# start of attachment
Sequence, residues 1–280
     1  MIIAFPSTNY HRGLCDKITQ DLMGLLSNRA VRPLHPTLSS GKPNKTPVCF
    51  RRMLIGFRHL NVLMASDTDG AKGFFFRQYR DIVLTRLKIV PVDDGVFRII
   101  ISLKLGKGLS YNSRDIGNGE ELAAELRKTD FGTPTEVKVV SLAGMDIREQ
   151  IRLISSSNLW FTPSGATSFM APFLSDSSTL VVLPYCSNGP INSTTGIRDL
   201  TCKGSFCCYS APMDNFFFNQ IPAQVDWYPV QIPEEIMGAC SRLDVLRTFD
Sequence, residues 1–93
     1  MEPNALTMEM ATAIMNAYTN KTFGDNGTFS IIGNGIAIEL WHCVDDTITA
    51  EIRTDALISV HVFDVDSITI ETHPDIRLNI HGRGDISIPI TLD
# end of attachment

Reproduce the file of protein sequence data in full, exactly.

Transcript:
Sequence, residues 1–280
     1  MIIAFPSTNY HRGLCDKITQ DLMGLLSNRA VRPLHPTLSS GKPNKTPVCF
    51  RRMLIGFRHL NVLMASDTDG AKGFFFRQYR DIVLTRLKIV PVDDGVFRII
   101  ISLKLGKGLS YNSRDIGNGE ELAAELRKTD FGTPTEVKVV SLAGMDIREQ
   151  IRLISSSNLW FTPSGATSFM APFLSDSSTL VVLPYCSNGP INSTTGIRDL
   201  TCKGSFCCYS APMDNFFFNQ IPAQVDWYPV QIPEEIMGAC SRLDVLRTFD
Sequence, residues 1–93
     1  MEPNALTMEM ATAIMNAYTN KTFGDNGTFS IIGNGIAIEL WHCVDDTITA
    51  EIRTDALISV HVFDVDSITI ETHPDIRLNI HGRGDISIPI TLD